BVA OPS Participants Run in California International Marathon

By BVA Member Tim Hornik

For the first time, the Blinded Veterans Association (BVA) through the Operation Peer Support (OPS) committee sponsored and represented the BVA during the California International Marathon (CIM) held in Sacramento on Sunday, December 6th, 2015. The CIM brings together hundreds of runners, over 2,000 volunteers, a 2 day exposition center, and qualification for the Boston Marathon. The CIM features a visually impaired runners category, through the United States Association of Blind Athletes (USABA). Visually impaired runners from across the country flocks towards the USABA’s CIM participation thanks to the generosity of donors, like the BVA OPS committee, and grants, like the VA adaptive sports grants. In total, 48 marathon runners (11 of whom who were Veterans) and over 60 sighted guides demonstrated how blindness needs not slow one down.

For the 2015 CIM, the BVA possessed runners on two teams. The primary BVA team consisted of Richard Hunter; Timothy Hornik, guided by Dr. Robert Chen; Danny Wallace, guided by Delta Gamma’s Andrea Witherspoon; and Travis Fugate, guided by Brad Morris. This team finished the relay in 3 hours and 54 minutes, exceeding the average marathon time of 4 hours and 21 minutes. Dale Stamper, guided by Dan Tyree, ran the final leg of another blinded Veteran team. We each owe our sighted guides, Rob, Andrea, and Brad much credit for their willingness to volunteer to lead the way. Dr. Rob Chen is very familiar with the BVA, as he participated in a Australian Iron Man earlier this year, donating the proceeds to the Major Robert Soltes Memorial Golf Tournament which is Operation Peer Support’s primary supporter. He and his wife, Bonnie, have been friends with Dr. Sally Dang and Major Soltes, after meeting in Texas after medical school. Andrea Witherspoon is a Delta Gamma Alumni, and Captain in the US Army. She represented Delta Gamma after winning a national contest to run with a blinded Veteran during the CIM. Brad Morris is Travis’ friend and esteemed business partner and co-founder of their company Graphspan. We could not have run the CIM without their enduring service to us.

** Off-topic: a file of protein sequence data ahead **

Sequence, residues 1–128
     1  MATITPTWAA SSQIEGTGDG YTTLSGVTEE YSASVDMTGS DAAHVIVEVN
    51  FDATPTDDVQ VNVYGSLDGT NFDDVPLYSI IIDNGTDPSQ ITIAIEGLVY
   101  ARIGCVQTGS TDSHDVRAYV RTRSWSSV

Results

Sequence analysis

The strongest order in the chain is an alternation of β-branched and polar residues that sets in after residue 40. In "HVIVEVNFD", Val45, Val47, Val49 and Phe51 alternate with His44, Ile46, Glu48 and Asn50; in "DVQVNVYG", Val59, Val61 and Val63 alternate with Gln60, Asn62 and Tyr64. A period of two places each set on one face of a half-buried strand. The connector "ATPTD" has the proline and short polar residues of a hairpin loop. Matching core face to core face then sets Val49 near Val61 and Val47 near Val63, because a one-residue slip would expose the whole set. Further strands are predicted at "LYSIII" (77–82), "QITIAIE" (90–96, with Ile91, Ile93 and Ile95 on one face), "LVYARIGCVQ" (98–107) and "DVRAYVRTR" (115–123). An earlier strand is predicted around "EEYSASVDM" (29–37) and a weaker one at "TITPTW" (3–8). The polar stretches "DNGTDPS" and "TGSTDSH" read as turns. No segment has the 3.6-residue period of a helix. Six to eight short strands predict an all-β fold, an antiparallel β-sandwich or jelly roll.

The visual impairment portion of the CIM would not be possible were not for the efforts of Richard Hunter. Richard is a blinded Veteran, having served in the 1990’s who lives the BVA motto of assisting his blinded peers through his selfless service advocating for visually impaired endurance sports. Around 2007, he approached the CIM’s organizers about included a visually impaired category, similar to the Boston and New York marathons. They immediately concurred with his request and allowed him to aid in the development of the visual impairment category. What started as 2 visually impaired runners in 2007 evolved into 48 visually impaired runners and roughly 60 sighted guides today.

The BVA OPS’ committee’s involvement in the CIM extend beyond the participation in the CIM, but acted as a catalyst to promote the Blinded Veterans Association amongst the visually impaired Veterans runners, USABA, and Delta Gamma. The USABA is the premier organization for blinded Veterans interested in becoming athletes and participating in the world games or para-Olympics. The USABA, through a VA adaptive sports grant, made attendance by all of the USABA members who are Veterans possible by covering their travel and lodging costs. Looking into the future, it’s feasible through a unified BVA and USABA advocacy campaign we might succeed in efforts to increase the number of visually impaired adaptive sporting events, at the VA's Golden Ages Games or President George Bush's Invictus game. Currently, blinded Veterans are marginalized in these disabled recreation programs to just one or two events.

The most beneficial aspect of the BVA OPS participation involves networking with Delta Gamma. Delta Gamma is a sorority, whose Greek letters represents their motto, “Do Good.” Both the mission of their sisters and foundation aims to serve individuals with visual impairments, stemming from their 1936 National Convention when a visually impaired member conveyed the need to support individuals with sight loss. Those with visual impairments benefited from Delta Gamma’s volunteers, as the sisters acted as sighted guides at meals, conducted guided walking tours throughout Sacramento, and even during the CIM run.>As part of the Joining Forces, Delta Gamma reconfirmed its commitment to aiding those with visual impairments, by seeking opportunities to serve visually impaired Veterans. Demonstrating Delta Gamma’s Joining Forces goal, a national contest promised either a Delta Gamma sister or alumni the chance to serve as the sighted guide of a blinded Veteran. It’s inspiring to reflect on how Delta Gamma instills the motivation in its sisters and alumni to serve those with visual impairments, considering the winner coveted the chance to guide a blinded Veteran.

Based on these experiences, Dale, Danny, Travis, and Tim unanimously agreed returning to the CIM next year will benefit the BVA. However, running in the relay team will not suffice, as each set a goal to either complete the half or full marathon. This first year in the CIM allowed us to witness the value attending such events, and it’s the hope of these attendees to ensure more USABA and BVA members may participate in the future.

For more information about the visually impaired Veteran runners, visit the USABA blog here.

Click here to view pictures of the BVA CIM Runners

To view all of the USABA photos of the CIM, visit their Facebook pages.